“We must not cease from exploration and the end of all our exploring will be to arrive where we began and to know the place for the first time.” (T.S. Elliot)
Not everyone will understand you when you walk away; but you do not do it for them, or even for your selfish desires; you do it for your relationship with God. You want to make sure you are using every precious second you have to not miss out on opportunities He is granting you, simply because you’re too timid to say “no” to people. To me, staying where you are not needed is not selfless – it is a selfishness of wanting to keep clinging to a title (“activist” / “role model” / “leader”) you do not even crave. It is weakness (and ain’t nobody got time to be weak at the cost of their ultimate happiness.)
“You can’t be successful with other people
if you haven’t paid the price
of success with yourself” (Stephen Covey).
To strengthen your community, you have to start with the individual: you. Once you are stable and rooted enough to extend the branches, begin with your family, the smallest unit of any community. In time, your selective (but well thought-out) unattaching will serve everyone.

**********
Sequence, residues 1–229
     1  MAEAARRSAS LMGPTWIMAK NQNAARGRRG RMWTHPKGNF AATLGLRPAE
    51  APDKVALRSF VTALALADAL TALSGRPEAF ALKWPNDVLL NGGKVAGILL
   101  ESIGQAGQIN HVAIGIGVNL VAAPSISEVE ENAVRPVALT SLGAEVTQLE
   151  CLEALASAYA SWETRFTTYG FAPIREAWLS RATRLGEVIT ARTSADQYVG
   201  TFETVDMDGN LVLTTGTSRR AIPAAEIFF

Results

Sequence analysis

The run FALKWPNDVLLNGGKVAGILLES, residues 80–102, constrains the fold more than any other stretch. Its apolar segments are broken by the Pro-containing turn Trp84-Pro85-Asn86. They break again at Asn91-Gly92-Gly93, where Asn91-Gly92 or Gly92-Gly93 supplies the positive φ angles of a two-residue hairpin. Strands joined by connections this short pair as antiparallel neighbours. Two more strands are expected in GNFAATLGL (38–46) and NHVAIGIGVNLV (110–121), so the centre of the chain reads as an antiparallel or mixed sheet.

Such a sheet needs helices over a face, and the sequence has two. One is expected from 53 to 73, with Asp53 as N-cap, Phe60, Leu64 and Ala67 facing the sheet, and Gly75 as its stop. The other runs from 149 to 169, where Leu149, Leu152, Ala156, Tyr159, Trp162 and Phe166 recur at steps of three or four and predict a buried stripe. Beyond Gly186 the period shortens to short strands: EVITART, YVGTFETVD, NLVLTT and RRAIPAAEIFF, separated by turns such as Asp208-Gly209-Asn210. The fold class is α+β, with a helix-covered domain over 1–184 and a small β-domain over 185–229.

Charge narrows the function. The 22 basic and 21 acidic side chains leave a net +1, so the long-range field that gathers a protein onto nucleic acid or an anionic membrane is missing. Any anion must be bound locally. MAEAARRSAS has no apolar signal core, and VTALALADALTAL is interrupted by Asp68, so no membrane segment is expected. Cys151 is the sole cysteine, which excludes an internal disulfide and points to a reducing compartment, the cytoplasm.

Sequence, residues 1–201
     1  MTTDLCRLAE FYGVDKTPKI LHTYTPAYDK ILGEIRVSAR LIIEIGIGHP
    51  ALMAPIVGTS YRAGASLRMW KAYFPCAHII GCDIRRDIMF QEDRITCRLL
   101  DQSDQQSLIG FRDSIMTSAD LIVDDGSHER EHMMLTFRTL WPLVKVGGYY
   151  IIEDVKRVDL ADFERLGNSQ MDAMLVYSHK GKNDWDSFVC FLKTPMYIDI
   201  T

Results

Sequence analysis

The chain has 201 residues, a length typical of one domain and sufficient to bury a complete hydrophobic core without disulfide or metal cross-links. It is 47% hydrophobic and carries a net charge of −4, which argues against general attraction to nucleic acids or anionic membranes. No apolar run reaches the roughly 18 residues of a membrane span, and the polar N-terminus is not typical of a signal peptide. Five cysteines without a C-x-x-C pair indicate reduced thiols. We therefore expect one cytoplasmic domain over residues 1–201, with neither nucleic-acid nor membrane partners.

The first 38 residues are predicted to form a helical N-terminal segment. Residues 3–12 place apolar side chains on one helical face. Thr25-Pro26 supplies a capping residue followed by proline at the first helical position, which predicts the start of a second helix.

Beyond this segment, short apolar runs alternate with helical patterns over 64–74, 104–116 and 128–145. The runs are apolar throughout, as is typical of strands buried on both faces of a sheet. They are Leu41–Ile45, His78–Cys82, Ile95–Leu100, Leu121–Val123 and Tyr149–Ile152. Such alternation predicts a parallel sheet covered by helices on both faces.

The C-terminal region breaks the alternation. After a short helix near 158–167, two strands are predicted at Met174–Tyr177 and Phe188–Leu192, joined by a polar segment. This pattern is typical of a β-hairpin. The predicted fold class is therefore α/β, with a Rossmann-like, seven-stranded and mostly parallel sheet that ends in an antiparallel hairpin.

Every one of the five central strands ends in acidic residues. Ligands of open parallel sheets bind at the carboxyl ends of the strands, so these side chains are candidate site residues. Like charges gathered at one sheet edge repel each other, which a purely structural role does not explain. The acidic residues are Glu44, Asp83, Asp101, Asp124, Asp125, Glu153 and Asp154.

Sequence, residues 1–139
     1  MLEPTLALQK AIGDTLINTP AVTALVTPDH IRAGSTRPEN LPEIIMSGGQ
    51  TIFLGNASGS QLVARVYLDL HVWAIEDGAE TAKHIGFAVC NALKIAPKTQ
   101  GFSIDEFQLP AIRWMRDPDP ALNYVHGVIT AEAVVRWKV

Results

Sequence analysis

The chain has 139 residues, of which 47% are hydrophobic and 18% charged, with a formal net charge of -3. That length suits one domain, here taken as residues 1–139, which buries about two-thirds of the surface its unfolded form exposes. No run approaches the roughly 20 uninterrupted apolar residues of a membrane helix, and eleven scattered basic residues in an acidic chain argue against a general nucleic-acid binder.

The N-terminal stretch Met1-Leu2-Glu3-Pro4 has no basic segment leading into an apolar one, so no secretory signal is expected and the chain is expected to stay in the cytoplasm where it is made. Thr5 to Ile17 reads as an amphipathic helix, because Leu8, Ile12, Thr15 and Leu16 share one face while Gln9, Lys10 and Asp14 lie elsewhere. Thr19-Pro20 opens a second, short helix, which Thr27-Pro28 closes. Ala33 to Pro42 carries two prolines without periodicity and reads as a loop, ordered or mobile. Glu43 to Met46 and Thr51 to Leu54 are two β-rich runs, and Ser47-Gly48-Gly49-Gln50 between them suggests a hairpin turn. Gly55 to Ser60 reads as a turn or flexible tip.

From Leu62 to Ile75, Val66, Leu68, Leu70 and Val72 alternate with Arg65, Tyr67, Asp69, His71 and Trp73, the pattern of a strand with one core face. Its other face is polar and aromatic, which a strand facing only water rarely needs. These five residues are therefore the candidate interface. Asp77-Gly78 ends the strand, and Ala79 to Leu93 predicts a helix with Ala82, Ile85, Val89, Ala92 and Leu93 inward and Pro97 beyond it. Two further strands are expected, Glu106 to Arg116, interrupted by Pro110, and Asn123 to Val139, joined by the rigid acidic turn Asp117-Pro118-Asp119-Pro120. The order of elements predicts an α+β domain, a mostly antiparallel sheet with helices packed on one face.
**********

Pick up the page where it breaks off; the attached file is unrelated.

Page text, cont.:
A perfect former example to illustrate what I really mean by “irrelevant to me”: MSA (Muslim Students Association) of McGill. I love it; I loved being an active member on it for consecutive years, and, no exaggeration, I would not have half enjoyed five years of university completing a double bachelor degree had it not been for the warmth and magic of the MSA. Had the MSA not been there for me, and I for it, I cannot imagine who I would be now.
But despite these lovely and meaningful memories, I’ve moved on. I graduated. It doesn’t mean I think the whole purpose of MSAs are lame and useless – not at all! I still believe MSA McGill is as important now as it was half a decade ago, and I still think the MSA is an invaluable student club that serves the broader community as well in enriching ways. So yes, I still care about it. Yet, at this stage of my life, it is also “irrelevant”. If that makes sense… (it does in my head).
At the end of the day, you have a heart that will feel uneasy when it finds the rest of the body clinging to old routines that are stunting your potential in creating unique other change only the spiritually evolving you can make. The key is to evolve when your gut feelings are telling you to be still and honest with yourself. Your heart is talking to you – do the honorable thing, and listen to it!
By all means, go ahead and commit to a million causes, but only after committing to the seed that will make all the difference: you. Otherwise your heavy involvement in society might just be a cover of not being involved enough with yourself.
Never forget, change begins from within.
And Allah knows best.